UW computer science researchers are training a cough detection model to assist healthcare workers with monitoring COVID-19 patients remotely.
“As COVID-19 cases continue to peak and we see more healthcare systems and hospitals overwhelmed, we’re going to see patients who may have normally been kept in the hospital for observation sent home for recovery instead,” Matthew Whitehill, a researcher at the UW’s Ubiquitous Computing Lab, said. “Healthcare providers may have a desire to remotely monitor these patients.”
Whitehill, along with his partner Manuja Sharma, have been working on developing a model to detect coughs. This type of model is a “black box,” because we don’t know what it does internally, but it can be trained to detect coughs.
The researchers are running a survey to collect audio clips of coughs, speech, throat clearing, and laughter. The audio will then be clipped and used to train the AI. The coughs will be treated as a positive example, while the speech, throat clearing, and laughter will be treated as negative examples, training the model not to confuse these sounds with coughs.
The more data you can give to an AI model, the better it performs, Whitehill explained. For this kind of model, the researchers are able to use data from a large number of participants, allowing for greater accuracy.
“We would love to have more coughs if people are willing to,” Whitehill said. “We’ve actually had some comments from people that it’s kind of a fun survey to do.”
Participants who complete the survey can help the researchers develop remote monitoring technology for healthcare workers treating COVID-19 patients.
Currently, patients who are recovering in their own homes are monitored through phone interviews with their doctor. Whitehill explains phone interviews pose several problems, as they can be subjective and unreliable. Patients could lie, thinking that their health is better than it truly is. Additionally, the process is time intensive, as it requires an individual phone call to each patient.
Remote monitoring through a cough detection model addresses these issues, Whitehill said. It’s objective, monitoring the patient’s health status throughout the day.
Because a dry cough is a common symptom of COVID-19 patients, it can be an indicator of a patient’s overall health. While the researchers’ smartphone app is still in the works, the cough detection model is designed to run in the background of a phone, monitoring microphone data. Then, the cough detection model determines if an audio sample has a cough in it.
Whitehill hopes that upon discharging patients, hospitals can issue a text message with an enrollment ID to sign up for the cough monitoring app. Then, as the days go by, if the number of coughs per day decreases, it indicates to the doctor that their patient’s condition is improving.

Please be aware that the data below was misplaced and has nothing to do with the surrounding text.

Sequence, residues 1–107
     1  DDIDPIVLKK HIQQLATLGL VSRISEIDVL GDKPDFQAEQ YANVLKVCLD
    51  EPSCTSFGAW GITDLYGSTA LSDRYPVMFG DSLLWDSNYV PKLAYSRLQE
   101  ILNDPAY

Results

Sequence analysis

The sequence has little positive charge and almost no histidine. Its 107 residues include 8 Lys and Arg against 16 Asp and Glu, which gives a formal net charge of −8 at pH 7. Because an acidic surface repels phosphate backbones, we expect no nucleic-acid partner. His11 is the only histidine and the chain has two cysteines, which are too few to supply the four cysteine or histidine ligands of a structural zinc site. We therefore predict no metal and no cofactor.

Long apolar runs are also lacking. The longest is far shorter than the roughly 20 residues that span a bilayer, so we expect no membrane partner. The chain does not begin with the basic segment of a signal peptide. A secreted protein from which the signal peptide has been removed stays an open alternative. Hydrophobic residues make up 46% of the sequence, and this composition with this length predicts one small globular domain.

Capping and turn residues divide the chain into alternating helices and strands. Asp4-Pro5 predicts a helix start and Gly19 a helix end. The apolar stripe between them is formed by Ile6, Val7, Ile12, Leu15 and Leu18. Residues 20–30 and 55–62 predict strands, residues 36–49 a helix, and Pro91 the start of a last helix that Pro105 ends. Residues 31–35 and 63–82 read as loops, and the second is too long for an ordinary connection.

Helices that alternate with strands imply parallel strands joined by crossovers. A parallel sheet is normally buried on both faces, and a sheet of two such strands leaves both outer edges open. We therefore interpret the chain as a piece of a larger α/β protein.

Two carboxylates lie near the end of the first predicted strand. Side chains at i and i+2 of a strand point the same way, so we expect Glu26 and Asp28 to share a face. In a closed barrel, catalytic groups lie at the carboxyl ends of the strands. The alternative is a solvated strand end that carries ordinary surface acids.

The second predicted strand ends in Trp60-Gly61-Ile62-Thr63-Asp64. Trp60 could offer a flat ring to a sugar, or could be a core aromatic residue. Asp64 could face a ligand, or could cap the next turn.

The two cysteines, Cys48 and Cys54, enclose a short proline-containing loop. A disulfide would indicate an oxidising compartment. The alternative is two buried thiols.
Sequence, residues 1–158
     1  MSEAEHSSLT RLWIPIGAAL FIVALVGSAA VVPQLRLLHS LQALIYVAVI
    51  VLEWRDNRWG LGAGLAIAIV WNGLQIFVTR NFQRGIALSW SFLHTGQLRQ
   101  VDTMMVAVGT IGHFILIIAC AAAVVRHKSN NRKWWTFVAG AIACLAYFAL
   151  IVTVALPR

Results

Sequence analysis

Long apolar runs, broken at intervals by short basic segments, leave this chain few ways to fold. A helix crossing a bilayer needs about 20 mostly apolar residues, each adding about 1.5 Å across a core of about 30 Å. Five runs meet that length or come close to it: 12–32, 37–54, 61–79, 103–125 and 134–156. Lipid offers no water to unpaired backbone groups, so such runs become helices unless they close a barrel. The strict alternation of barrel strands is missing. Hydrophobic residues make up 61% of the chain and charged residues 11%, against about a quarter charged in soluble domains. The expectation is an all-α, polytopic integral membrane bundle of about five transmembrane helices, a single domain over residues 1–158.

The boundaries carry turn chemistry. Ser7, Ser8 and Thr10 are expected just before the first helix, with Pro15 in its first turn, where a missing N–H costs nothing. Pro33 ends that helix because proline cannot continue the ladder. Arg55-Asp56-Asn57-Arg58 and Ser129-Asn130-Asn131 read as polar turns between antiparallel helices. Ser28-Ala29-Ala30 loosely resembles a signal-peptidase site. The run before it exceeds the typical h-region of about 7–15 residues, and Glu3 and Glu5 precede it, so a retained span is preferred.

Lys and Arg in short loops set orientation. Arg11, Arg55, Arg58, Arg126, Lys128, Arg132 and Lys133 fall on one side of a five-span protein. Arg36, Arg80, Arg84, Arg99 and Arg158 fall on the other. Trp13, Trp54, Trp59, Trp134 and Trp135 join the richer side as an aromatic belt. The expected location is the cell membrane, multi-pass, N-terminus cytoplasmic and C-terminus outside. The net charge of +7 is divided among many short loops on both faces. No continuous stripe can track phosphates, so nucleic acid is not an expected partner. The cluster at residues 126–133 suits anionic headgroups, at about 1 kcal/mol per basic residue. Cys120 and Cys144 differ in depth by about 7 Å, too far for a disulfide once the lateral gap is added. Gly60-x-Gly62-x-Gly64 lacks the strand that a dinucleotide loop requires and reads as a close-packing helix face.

Other groups who are attempting a similar project record all of the patient's audio and then send it to the cloud to be processed, Whitehill explained. He said that although he hopes companies are responsible, it does pose a potential privacy risk, as the company now owns all of your audio.
“We have worked pretty hard to use state-of-the-art deep learning techniques to create a highly accurate mobile optimized algorithm,” Whitehill said. “What that means is that it can run directly on devices. This is important because it allows us to process your audio on your phone, so your audio never has to actually leave the phone.”
Although this technology is clearly relevant during the COVID-19 outbreak, Whitehill has actually been studying coughs for years. There is a lot of interest surrounding the cough as a symptom and how it manifests.
Last year, before the emergence of the COVID-19 crisis, Whitehill had already been working on deep learning technologies for audio health sensing. His model from last year, CoughSense, identified users by their unique cough signatures.
Whitehill’s current project is in collaboration with the UW Medical Center and Dr. Margaret Rosenfeld, a clinical researcher at Seattle Children’s hospital. Originally, Rosenfeld was using the cough detection technology to study the correlation between coughs and exacerbations of a certain respiratory illness. The technology has been in testing for over a year.
“Having worked on that project, and worked on our cough detection model in our lab — which a number of students have contributed on — we’re looking to use the technology that we’ve developed to help with the COVID-19 outbreak,” Whitehill said.
Reach reporter Kaya Bramble at firstname.lastname@example.org. Twitter: @KayaBramble
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